Parents Pass on Fewer Bad Genes Than Thought

By cracking the genetic code of an entire family, scientists learn genetic mutations aren't commonly passed on to children.

THE GIST:

- Parents pass on fewer mutations than scientists had thought.

- Instead of 75 genetic mutations, new estimates show parents pass on 30 to their children.

- The results could pave the way to new research to pinpoint diseases' causes.

Scientists have for the first time unlocked the genetic code of an entire family, and made a startling discovery -- that parents pass on fewer mutations than previously thought.

Scientists had long believed that each parent passed on some 75 genetic mutations to their children.

But the result of research by a team at the Institute for Systems Biology in Seattle and the University of Utah found this was nowhere near the case, according to their study published in Thursday's edition of Science Express.

In fact, after studying the genetic sequencing of an entire family -- mother, father, daughter and son -- researchers estimate that each parent passes on 30 mutations for a total of 60 to their children.

The results of the research could open the door to new studies into ways to narrow down the causes of some common diseases.

Most mutations are believed to have no effect on a child's health.

But knowing the rate at which parents give mutations to their kids is critical information, said Lynn Jorde, professor of the Department of Human Genetics at Utah.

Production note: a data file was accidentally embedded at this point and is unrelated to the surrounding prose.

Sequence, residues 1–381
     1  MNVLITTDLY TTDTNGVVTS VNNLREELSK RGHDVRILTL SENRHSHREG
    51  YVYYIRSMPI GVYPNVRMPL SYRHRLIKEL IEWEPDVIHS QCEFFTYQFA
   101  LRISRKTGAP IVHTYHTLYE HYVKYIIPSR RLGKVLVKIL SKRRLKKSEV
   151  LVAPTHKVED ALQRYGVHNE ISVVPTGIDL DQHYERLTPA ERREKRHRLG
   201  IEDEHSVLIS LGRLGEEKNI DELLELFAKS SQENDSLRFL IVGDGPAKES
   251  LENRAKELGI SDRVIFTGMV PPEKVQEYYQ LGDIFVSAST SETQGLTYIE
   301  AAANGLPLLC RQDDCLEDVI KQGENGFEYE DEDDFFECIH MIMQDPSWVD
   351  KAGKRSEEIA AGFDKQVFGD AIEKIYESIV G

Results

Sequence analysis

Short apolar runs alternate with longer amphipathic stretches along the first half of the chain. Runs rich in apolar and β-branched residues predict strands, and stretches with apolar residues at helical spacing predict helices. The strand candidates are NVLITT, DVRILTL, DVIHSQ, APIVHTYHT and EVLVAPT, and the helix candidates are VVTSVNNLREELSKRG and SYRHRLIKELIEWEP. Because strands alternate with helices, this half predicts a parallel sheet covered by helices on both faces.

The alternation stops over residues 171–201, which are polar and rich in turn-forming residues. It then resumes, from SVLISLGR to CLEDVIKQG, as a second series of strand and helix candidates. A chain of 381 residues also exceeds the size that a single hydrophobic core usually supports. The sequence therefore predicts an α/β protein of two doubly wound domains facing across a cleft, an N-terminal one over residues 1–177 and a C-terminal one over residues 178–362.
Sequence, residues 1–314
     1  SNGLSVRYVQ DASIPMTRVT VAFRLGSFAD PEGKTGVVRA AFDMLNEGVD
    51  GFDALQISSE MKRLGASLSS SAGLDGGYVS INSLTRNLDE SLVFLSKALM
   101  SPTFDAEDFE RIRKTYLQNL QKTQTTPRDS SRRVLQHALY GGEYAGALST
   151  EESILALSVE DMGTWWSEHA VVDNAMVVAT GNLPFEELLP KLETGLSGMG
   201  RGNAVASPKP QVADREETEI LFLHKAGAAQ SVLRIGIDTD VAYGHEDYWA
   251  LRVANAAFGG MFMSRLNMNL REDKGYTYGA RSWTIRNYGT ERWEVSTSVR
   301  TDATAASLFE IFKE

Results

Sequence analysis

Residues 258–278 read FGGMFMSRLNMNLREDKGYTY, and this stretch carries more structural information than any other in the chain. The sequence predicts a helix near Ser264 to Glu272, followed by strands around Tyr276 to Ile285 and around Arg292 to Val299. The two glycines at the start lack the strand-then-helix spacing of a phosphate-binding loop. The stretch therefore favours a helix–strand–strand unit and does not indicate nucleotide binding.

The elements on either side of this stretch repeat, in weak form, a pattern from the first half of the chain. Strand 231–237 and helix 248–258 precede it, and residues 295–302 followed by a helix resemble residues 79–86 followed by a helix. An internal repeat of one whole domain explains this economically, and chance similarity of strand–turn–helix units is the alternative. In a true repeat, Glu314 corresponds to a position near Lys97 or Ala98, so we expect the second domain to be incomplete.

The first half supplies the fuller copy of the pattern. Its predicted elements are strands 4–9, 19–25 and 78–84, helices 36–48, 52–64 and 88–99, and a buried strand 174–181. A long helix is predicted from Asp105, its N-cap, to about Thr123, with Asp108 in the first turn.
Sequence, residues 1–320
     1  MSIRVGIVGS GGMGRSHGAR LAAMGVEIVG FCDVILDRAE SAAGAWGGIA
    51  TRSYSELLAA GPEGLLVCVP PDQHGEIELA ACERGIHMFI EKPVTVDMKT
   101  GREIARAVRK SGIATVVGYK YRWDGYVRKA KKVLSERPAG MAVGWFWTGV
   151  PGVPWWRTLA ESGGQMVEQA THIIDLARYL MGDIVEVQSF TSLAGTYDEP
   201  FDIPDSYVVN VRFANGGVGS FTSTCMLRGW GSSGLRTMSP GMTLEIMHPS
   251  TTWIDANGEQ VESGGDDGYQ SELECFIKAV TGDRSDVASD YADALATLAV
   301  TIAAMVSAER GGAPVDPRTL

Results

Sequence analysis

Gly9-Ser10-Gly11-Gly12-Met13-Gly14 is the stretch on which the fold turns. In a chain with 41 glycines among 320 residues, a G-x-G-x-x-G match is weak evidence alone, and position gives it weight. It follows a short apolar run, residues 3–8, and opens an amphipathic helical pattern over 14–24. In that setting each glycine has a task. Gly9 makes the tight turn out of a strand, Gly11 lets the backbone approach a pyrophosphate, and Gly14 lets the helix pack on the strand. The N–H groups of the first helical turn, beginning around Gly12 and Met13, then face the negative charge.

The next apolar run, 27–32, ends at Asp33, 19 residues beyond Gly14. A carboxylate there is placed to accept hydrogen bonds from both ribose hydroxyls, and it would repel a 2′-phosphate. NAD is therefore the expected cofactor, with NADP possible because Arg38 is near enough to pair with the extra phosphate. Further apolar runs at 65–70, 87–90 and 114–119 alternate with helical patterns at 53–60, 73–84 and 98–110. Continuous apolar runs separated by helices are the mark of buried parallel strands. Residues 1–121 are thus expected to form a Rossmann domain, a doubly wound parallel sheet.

"The mutation rate is our clock, and every time it ticks we have a new genetic variant," he said. "We need to know how fast the clock ticks."

The team even managed to pinpoint with astonishing accuracy where parental chromosomes crossed with their children's to create a new genetic trait.

The family whose genetic sequencing was unlocked was chosen because their children both suffer from an extremely rare combination of diseases.

Although the parents have no genetic abnormalities, they each carry recessive genes that led to their son and daughter being born with both Miller syndrome and Primary Ciliary Dyskinesia (PCD).

Only two families in the world have been diagnosed with Miller's syndrome, a disorder which leads to face and limb malformations. It is thought to occur in perhaps one in one million people.

And PCD is a disease in which the tiny hair-like structures in the lungs that are supposed to move mucus out of airways fail to function.

The chances of having PCD are estimated at one in 10,000. The odds of developing both PCD and Miller's syndrome are less than one in 10 billion, according to Jorde.

By comparing the genetic mutations in the two children with the Human Genome Project and other data banks, the researchers confirmed that four mutant genes are responsible for each illness.

Human beings have about 22,000 genes containing the genetic blueprint for human life. This blueprint, called DNA, comprises more than three billion "base pairs" that determine genetic makeup.

Scientists first sequenced the human genome in 2003.